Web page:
About this book
When the 12 District Banks of the Federal Reserve System opened their doors for business on November 16, 1914, few observers could have foreseen the Fed's present role as a major, if not dominant, player in U. S. and world economic policymaking. After all, two previous attempts to create a central bank in this country had ended in failure. Moreover, much of the economic theory and institutional structure that have given rise to monetary policy's influence in recent years were not yet in place. Indeed, it would take the Fed more than 20 years to learn (by accident!) the power of open market operations. Clearly, the modern Federal Reserve System has found itself with powers and responsibilities that were not envisioned by its founders. These proceedings from a conference held at the Federal Reserve Bank of St. Louis on October 19-20, 1989, examine U. S. monetary policy from a variety of perspectives: a historical review of how it has affected aggregate economic performance; a positive analysis of why the Federal Reserve has chosen particular policy strategies; a review of normative arguments about what the Fed should pursue as its policy objective; a critique of how the Fed's "output"-the flow of monetary services in the U. S. economy-is measured; and, finally, a debate over the Fed's ability to influence real economic activity by changing the nominal quantity of money in circulation.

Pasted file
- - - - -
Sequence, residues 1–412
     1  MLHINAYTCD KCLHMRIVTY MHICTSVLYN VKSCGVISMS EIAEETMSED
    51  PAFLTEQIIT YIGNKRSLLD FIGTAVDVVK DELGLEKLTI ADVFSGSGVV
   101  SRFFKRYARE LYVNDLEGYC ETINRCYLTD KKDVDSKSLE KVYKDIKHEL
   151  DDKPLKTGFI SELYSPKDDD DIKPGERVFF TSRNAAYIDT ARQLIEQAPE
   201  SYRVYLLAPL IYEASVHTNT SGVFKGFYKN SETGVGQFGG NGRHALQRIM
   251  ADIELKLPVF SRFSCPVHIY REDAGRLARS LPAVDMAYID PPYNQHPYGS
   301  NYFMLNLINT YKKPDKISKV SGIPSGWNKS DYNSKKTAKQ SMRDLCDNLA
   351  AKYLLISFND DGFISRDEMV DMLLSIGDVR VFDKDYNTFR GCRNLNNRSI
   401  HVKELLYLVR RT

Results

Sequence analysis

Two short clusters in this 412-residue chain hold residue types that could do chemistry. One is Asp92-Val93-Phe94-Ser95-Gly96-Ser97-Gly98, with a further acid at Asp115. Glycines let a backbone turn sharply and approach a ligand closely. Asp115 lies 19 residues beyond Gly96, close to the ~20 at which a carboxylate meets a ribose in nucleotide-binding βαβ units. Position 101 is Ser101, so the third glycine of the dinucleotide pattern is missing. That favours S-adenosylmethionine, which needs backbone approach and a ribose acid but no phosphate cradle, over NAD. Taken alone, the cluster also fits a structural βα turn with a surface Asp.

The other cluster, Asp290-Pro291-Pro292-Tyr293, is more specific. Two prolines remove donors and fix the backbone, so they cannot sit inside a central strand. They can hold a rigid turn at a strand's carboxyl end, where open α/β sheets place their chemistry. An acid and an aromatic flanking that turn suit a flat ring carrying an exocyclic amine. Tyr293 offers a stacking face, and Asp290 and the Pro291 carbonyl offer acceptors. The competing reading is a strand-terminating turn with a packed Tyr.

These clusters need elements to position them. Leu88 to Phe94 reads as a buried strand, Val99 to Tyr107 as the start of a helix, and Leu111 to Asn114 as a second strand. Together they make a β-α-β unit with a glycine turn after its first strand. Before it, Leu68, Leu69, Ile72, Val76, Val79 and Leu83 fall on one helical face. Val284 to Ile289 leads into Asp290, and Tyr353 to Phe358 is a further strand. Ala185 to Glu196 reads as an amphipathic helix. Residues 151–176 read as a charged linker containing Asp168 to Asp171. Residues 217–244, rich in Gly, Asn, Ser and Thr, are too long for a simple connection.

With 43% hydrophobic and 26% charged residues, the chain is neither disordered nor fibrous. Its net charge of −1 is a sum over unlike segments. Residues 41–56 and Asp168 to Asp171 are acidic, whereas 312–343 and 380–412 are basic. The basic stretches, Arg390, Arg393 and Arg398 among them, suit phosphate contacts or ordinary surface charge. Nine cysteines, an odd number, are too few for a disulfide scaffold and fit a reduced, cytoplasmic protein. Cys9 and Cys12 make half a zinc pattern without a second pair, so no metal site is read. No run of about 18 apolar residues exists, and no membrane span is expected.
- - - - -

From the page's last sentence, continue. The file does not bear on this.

Bank central bank economic policy interest rates monetary policy